Find out how to make the most out of this rare celestial event

In just under a month on April 20th, 2023, the people of Western Australia, Timor-Leste, and parts of Indonesia will be able to witness a rare astronomical event – a Total Solar Eclipse. During this event, the Moon will block out the entire disc of the Sun for 62 seconds. This is an incredibly rare occurrence and the first time that it will happen in Western Australia since the 20th of Jun 1974. The schedule for the eclipse in Exmouth is:

EventUTC TimeTime in Exmouth*
Partial Eclipse begins20th of April at 02:04:31 am20th of April at 10:04:31 am
Full Eclipse begins20th of April at 03:29:48 am20th of April at 11:29:48 am
Maximum Eclipse20th of April at 03:30:17 am20th of April at 11:30:17 am
Full Eclipse ends20th of April at 03:30:46 am20th of April at 11:30:46 am
Partial Eclipse ends20th of April at 05:02:34 am20th of April at 01:02:34 pm

The Total Solar Eclipse will allow astronomers to study the Sun’s Corona and Chromosphere. The Corona is the outermost layer of the Sun’s atmosphere, made up of hot, ionized gas that extends far beyond the visible surface of the star. The temperature in this region can reach millions of degrees Celsius, making it one of the hottest places in space. Studying the Sun’s Corona is essential for understanding how stars interact with their environment and how they evolve over time. It also provides astronomers with an excellent opportunity to study the magnetic fields and how they shape the Corona as well.

There are four types of Solar Eclipses: Total, Annular, Partial, and Hybrid. The Ningaloo 2023 Solar Eclipse is special because it is a rare “Hybrid Eclipse.” A hybrid eclipse is a type of solar eclipse that looks like an annular solar eclipse or a total solar eclipse, depending on the observer’s location along the central eclipse path. Observers in Exmouth will witness a Total Solar Eclipse during the 62 seconds of darkness as the Moon casts a 41km wide path over Western Australia’s Northwest Cape into darkness.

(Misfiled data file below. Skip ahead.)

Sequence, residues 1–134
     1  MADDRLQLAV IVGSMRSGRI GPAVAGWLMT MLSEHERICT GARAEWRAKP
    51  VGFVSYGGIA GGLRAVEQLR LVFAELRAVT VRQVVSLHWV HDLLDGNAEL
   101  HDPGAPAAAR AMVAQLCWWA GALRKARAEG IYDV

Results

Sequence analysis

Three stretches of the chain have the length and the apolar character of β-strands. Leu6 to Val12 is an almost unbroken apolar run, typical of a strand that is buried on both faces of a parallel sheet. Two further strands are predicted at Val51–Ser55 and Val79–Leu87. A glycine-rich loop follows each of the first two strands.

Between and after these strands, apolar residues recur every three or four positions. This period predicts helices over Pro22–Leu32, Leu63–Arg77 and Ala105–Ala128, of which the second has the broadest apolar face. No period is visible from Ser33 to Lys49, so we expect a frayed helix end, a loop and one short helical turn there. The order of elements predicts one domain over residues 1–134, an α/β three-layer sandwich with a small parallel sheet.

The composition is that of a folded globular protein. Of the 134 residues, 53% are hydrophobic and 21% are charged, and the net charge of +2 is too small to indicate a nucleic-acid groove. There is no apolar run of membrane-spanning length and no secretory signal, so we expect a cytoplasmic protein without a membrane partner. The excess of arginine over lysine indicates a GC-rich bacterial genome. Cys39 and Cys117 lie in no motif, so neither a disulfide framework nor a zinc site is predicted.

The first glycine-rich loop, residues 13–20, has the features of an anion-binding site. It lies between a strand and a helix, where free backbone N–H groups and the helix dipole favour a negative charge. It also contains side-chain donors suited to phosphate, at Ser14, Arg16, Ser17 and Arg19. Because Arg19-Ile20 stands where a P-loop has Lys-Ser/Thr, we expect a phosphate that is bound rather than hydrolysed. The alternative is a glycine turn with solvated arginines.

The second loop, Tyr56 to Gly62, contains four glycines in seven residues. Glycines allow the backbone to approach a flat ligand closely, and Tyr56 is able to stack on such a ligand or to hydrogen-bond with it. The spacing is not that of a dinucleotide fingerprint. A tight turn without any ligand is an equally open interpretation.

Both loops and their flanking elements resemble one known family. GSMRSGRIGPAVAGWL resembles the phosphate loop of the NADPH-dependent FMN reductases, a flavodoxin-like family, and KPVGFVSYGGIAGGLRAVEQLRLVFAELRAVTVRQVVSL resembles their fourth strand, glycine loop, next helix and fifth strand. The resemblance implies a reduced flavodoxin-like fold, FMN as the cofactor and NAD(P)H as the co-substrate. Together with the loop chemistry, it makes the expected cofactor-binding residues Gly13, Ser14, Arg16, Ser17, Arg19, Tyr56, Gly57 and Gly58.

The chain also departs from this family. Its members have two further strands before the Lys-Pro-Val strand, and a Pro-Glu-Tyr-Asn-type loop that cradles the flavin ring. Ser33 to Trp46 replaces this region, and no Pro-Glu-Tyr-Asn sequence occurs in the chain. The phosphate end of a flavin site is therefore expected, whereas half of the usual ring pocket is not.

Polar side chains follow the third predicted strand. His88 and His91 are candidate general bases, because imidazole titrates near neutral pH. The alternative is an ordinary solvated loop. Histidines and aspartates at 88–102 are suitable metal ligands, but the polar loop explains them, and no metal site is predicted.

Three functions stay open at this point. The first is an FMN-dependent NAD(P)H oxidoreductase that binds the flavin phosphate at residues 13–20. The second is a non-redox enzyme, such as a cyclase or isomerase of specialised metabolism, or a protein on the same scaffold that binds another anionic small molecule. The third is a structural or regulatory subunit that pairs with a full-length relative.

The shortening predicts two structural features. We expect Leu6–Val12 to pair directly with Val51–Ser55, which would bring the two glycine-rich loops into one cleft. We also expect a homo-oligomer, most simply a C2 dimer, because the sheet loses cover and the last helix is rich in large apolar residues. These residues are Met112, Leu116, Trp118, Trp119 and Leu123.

This image combines many exposures of different durations taken to reveal aspects of the widely-viewed total solar eclipse of 21 August 2017, which was visible from the United States. In the centre the faint circle of the Moon can be seen, with its surface features dimly illuminated in light reflected from the Earth. Around the edge red prominences can be seen and further out the white glow of the corona is sculpted by the Sun's magnetic field. Image Credit: ESO/P. Horálek/Solar Wind Sherpas project
April's Hybrid Solar Eclipse viewing map. Image Credit:
Sun, Moon, and Earth during a hybrid eclipse. Image Credit:
Types of Solar Eclipses. Image Credit:

Total Solar Eclipses occur somewhere on Earth about every 18 months. However, experiencing the Sun’s corona appearing around the black shadow of the Moon is the highlight of a Total Solar Eclipse event. During totality, day will become almost night so the stars and planets become visible, the air temperature drops and animals may change their behaviour. In ordinary daylight, the corona of the Sun isn’t visible, but it can be seen during a Total Solar Eclipse, it looks like a white halo.